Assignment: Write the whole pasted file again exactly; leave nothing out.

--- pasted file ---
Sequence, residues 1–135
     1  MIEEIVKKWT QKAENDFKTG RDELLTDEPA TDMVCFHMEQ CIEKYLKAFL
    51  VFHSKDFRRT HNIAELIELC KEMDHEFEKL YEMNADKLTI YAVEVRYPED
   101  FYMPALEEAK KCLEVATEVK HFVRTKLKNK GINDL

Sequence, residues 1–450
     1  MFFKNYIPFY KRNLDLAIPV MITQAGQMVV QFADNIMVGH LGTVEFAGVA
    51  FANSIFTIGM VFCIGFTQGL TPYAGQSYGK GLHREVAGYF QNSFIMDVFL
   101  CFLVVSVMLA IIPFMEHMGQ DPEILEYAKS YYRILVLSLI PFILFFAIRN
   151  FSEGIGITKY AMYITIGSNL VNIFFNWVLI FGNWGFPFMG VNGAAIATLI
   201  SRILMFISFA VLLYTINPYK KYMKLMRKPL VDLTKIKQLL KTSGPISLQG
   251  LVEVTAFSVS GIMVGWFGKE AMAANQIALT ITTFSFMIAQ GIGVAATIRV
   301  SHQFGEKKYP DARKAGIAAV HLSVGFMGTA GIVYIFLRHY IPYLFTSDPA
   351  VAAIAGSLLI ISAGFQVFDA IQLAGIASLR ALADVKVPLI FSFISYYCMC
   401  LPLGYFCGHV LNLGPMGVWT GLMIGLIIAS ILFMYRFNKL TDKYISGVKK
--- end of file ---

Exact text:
Sequence, residues 1–135
     1  MIEEIVKKWT QKAENDFKTG RDELLTDEPA TDMVCFHMEQ CIEKYLKAFL
    51  VFHSKDFRRT HNIAELIELC KEMDHEFEKL YEMNADKLTI YAVEVRYPED
   101  FYMPALEEAK KCLEVATEVK HFVRTKLKNK GINDL

Sequence, residues 1–450
     1  MFFKNYIPFY KRNLDLAIPV MITQAGQMVV QFADNIMVGH LGTVEFAGVA
    51  FANSIFTIGM VFCIGFTQGL TPYAGQSYGK GLHREVAGYF QNSFIMDVFL
   101  CFLVVSVMLA IIPFMEHMGQ DPEILEYAKS YYRILVLSLI PFILFFAIRN
   151  FSEGIGITKY AMYITIGSNL VNIFFNWVLI FGNWGFPFMG VNGAAIATLI
   201  SRILMFISFA VLLYTINPYK KYMKLMRKPL VDLTKIKQLL KTSGPISLQG
   251  LVEVTAFSVS GIMVGWFGKE AMAANQIALT ITTFSFMIAQ GIGVAATIRV
   301  SHQFGEKKYP DARKAGIAAV HLSVGFMGTA GIVYIFLRHY IPYLFTSDPA
   351  VAAIAGSLLI ISAGFQVFDA IQLAGIASLR ALADVKVPLI FSFISYYCMC
   401  LPLGYFCGHV LNLGPMGVWT GLMIGLIIAS ILFMYRFNKL TDKYISGVKK